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Hepatitis B virus vaccination status of sixth year medical students
BMC Infectious Diseasesvolume 13, Article number: P29 (2013)
Hepatitis B virus (HBV) infection can associate a high risk of progression to chronic hepatitis, particularly when infection occurs at younger ages. For this particular reason, newborn vaccination has been introduced in national immunization schedules in countries where the infection has a medium to high prevalence.
We assessed the vaccination status of students in their final year of medical university training during 2011-2013. This category is at risk of professional exposure to HBV and given the timeline of introduction of HBV vaccination in Romania, they probably have not been vaccinated at birth, but rather during middle or high school education.
We informed all medical students attending the Infectious Diseases rotation in their 6th year of medical school regarding the possibility of determining their HBV serological status and filling out a standardized questionnaire. We correlated this information with the results of lab tests. We analyzed data with SPSS Statistics 20 (IBM).
A total of 59 students (of which 17 were males) filled out the questionnaire. The mean age was 25±3 years. Of these students, 40 were aware of their vaccination status for HBV but only 10 were able to mention the exact date of the first vaccination and 13 were able to mention their last booster shot. In the group of 47 students that had recent lab results, all had negative HBs antigen, and the median HBs antibody (Ab) lab result was: 134±497. Of them, 11 were considered as unprotected (HBsAb≤10), 12 had values between 10-100, 15 between 100-1000 and 9 above 1000.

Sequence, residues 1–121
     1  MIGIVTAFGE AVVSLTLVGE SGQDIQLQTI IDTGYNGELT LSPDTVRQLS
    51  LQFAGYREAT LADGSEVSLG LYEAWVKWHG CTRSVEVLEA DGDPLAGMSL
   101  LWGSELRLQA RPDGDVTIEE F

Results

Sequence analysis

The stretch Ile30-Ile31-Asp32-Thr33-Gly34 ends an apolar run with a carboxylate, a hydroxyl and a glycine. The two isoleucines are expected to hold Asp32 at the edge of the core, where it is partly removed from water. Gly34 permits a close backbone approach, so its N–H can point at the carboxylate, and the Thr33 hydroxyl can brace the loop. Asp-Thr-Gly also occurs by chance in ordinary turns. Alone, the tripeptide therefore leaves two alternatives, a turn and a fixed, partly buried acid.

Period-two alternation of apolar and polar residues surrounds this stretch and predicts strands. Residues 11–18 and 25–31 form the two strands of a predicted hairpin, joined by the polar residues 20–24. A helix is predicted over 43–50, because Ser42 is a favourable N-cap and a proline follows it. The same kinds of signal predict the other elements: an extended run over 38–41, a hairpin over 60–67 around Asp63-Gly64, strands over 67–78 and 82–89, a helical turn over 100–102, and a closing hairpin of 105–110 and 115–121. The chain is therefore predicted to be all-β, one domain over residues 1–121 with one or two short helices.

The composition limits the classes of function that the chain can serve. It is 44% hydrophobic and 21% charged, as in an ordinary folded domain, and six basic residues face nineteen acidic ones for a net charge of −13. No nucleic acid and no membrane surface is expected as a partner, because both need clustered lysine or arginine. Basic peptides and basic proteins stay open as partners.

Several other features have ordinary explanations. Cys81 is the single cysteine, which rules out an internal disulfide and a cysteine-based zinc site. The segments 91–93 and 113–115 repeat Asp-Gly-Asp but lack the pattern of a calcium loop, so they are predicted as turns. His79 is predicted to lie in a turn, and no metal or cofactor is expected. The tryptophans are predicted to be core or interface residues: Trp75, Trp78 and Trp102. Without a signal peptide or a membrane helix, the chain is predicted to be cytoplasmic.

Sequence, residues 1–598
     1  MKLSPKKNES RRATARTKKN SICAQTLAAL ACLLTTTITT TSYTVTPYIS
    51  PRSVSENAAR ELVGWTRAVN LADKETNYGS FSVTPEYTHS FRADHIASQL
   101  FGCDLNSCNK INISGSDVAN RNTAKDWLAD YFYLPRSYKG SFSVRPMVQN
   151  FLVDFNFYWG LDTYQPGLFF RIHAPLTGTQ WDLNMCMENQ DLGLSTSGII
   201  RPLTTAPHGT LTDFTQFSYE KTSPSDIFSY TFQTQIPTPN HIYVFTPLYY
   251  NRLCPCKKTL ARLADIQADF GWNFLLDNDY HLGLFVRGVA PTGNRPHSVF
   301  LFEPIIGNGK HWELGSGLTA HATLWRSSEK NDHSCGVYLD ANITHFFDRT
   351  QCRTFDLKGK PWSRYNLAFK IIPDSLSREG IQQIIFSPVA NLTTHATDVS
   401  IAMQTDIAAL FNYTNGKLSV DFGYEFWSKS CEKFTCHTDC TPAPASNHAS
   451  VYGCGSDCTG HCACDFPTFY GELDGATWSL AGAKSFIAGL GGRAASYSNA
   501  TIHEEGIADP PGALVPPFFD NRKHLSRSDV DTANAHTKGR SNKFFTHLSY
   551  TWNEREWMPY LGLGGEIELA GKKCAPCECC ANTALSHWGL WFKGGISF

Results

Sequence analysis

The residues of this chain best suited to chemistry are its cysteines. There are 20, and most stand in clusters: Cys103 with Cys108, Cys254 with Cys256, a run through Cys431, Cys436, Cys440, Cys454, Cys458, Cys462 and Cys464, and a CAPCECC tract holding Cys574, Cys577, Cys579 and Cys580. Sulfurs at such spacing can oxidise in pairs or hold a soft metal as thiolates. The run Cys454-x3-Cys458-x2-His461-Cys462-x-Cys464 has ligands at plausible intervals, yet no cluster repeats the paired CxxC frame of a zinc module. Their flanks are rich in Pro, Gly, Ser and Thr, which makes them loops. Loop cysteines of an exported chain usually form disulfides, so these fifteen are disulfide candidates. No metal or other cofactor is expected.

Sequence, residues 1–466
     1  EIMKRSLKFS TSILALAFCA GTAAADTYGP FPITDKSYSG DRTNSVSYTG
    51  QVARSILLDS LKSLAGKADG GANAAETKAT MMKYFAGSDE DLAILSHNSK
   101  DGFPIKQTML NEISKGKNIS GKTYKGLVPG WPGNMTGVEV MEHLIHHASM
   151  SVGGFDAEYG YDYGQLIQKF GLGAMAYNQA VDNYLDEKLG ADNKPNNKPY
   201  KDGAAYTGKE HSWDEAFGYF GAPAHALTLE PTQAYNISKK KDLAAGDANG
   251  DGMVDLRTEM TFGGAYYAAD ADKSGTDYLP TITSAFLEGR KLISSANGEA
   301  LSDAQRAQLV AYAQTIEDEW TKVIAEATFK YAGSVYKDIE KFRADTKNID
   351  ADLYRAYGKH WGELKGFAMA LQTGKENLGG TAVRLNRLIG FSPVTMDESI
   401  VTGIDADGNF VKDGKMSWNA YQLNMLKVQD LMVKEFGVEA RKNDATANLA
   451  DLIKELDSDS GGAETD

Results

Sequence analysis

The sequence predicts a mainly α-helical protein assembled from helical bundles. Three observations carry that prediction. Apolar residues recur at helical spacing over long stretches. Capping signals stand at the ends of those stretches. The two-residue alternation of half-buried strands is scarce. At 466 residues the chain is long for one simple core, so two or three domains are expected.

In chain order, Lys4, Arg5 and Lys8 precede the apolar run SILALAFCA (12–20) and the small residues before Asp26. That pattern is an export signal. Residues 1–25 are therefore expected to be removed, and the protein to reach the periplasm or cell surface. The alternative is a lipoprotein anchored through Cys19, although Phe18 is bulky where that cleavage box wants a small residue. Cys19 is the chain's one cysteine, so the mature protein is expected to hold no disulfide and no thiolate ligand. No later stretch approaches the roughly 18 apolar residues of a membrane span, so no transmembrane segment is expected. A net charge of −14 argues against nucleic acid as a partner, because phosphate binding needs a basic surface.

Most of the students that participated in this study were aware of their vaccination status for HBV, however, many of them were considered as unprotected, based on HBsAb results. Cellular immunity is also known to play an important role in protection from HBV infection; however, at this point no instruments are available to quantify specific memory cells in current clinical practice.